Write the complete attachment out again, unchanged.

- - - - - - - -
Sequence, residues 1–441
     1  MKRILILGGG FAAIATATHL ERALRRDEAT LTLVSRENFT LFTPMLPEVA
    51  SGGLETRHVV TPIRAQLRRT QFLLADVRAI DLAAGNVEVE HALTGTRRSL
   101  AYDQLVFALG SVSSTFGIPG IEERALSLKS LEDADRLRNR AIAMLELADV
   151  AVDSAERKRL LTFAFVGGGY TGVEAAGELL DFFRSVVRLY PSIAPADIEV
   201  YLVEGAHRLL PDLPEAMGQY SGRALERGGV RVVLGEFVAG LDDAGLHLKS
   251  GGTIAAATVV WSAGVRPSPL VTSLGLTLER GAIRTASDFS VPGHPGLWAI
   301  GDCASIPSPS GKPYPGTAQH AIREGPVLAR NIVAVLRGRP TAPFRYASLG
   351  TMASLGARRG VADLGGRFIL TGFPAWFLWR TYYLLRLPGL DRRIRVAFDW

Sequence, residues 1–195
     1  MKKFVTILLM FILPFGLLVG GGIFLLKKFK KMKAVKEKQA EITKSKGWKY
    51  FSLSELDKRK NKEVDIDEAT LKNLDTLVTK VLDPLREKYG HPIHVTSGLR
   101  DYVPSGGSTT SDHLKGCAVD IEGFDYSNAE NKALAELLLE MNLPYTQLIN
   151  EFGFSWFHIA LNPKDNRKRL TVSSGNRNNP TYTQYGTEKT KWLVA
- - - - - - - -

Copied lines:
Sequence, residues 1–441
     1  MKRILILGGG FAAIATATHL ERALRRDEAT LTLVSRENFT LFTPMLPEVA
    51  SGGLETRHVV TPIRAQLRRT QFLLADVRAI DLAAGNVEVE HALTGTRRSL
   101  AYDQLVFALG SVSSTFGIPG IEERALSLKS LEDADRLRNR AIAMLELADV
   151  AVDSAERKRL LTFAFVGGGY TGVEAAGELL DFFRSVVRLY PSIAPADIEV
   201  YLVEGAHRLL PDLPEAMGQY SGRALERGGV RVVLGEFVAG LDDAGLHLKS
   251  GGTIAAATVV WSAGVRPSPL VTSLGLTLER GAIRTASDFS VPGHPGLWAI
   301  GDCASIPSPS GKPYPGTAQH AIREGPVLAR NIVAVLRGRP TAPFRYASLG
   351  TMASLGARRG VADLGGRFIL TGFPAWFLWR TYYLLRLPGL DRRIRVAFDW

Sequence, residues 1–195
     1  MKKFVTILLM FILPFGLLVG GGIFLLKKFK KMKAVKEKQA EITKSKGWKY
    51  FSLSELDKRK NKEVDIDEAT LKNLDTLVTK VLDPLREKYG HPIHVTSGLR
   101  DYVPSGGSTT SDHLKGCAVD IEGFDYSNAE NKALAELLLE MNLPYTQLIN
   151  EFGFSWFHIA LNPKDNRKRL TVSSGNRNNP TYTQYGTEKT KWLVA